Objective: To determine whether two dissimilar groups characterized by 24-h esophageal pH monitoring would have individual reflux events that occur under the same or different circumstances when challenged by a meal and monitored in different postures. These groups consisted of upright refluxers without esophagitis (n = 10) versus biopositional refluxers with esophagitis (n = 8).
Methods: Our evaluation consisted of a questionnaire completed prior to simultaneous manometry and pH monitoring. This monitoring was conducted over a 120-min period that incorporated the upright and recumbent postures both before and after a meal. Three of our four criteria for reflux were independent of a classic pH event.
Results: From the questionnaire, it was apparent that dyspeptic symptoms almost always occurred in the upright refluxers. In addition, provocation for their heartburn had atypical characteristics regarding posture, and their degree of regurgitation was intensified by the postprandial state. During dual monitoring, the upright posture and the meal provoked an increase in frequency of reflux in the upright refluxers, as opposed to only recumbency in the bipositional refluxers. Moreover, reflux events in the upright refluxers usually were associated with Valsalva maneuvers and were recognized as symptoms, two features that were less true in the bipositional refluxers. A similar percentage of reflux events occurred over a low basal lower esophageal sphincter pressure and after a lower esophageal sphincter relaxation, in both groups.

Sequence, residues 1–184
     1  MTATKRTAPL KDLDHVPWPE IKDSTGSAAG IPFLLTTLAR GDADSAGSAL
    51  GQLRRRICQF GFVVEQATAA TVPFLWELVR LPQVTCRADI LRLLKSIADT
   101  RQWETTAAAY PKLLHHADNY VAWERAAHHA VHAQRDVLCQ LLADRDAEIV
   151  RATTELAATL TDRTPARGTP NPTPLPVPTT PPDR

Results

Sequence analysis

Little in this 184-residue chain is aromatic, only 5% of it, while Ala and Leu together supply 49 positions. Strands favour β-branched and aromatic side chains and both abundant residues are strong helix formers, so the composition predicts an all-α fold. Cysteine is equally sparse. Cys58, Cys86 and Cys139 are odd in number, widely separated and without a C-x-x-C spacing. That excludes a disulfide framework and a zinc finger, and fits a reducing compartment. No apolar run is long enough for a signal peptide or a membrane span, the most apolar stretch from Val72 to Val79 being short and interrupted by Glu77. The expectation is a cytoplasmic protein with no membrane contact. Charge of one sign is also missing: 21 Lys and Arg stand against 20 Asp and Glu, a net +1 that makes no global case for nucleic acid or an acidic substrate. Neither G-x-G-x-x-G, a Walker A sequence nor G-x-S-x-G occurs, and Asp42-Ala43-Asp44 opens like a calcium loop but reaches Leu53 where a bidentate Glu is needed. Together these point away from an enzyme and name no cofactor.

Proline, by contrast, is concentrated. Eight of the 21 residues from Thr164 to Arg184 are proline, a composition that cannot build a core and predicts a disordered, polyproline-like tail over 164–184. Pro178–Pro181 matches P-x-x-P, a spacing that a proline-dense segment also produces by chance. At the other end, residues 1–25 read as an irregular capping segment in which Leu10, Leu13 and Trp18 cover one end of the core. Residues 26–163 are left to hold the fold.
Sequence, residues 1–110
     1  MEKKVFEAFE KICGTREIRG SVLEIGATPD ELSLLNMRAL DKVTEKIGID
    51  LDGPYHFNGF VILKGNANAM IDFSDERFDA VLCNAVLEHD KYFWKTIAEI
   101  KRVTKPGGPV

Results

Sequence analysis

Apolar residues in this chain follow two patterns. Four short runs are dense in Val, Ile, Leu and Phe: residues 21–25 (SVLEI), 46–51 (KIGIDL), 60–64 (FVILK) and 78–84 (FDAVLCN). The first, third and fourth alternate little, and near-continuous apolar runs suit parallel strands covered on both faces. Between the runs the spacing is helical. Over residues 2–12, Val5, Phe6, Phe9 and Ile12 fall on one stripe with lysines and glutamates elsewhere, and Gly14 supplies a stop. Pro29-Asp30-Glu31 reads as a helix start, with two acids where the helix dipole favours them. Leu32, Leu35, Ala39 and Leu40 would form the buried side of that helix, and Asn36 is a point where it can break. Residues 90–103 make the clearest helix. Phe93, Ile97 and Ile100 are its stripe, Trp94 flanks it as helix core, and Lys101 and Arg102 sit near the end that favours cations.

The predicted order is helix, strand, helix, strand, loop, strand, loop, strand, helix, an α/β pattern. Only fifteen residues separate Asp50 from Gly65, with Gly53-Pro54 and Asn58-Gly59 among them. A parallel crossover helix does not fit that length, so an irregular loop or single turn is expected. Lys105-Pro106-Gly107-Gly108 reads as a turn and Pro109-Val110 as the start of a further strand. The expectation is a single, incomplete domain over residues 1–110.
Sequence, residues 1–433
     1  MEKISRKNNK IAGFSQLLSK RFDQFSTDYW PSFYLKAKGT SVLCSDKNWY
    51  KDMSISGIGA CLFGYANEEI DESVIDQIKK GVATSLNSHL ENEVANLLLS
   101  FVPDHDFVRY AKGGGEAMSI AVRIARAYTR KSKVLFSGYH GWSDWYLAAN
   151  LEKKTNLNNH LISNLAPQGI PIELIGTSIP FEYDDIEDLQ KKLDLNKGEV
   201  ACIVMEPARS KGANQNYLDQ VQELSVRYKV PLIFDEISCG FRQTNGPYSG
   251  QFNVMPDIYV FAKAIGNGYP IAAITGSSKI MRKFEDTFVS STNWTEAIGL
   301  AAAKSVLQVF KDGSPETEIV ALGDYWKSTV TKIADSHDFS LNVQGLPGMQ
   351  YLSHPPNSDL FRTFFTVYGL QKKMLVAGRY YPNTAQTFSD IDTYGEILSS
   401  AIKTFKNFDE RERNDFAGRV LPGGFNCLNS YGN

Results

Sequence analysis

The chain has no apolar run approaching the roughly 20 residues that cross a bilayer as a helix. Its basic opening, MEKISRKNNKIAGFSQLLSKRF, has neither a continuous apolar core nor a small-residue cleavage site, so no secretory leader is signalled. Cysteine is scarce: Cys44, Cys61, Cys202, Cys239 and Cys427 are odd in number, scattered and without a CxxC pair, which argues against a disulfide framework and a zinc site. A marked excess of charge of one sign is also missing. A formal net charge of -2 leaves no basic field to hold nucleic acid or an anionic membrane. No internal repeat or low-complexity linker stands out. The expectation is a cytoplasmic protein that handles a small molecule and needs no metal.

Conclusion: The two groups manifested distinctively different reflux characteristics, presumably due to dissimilar mechanisms.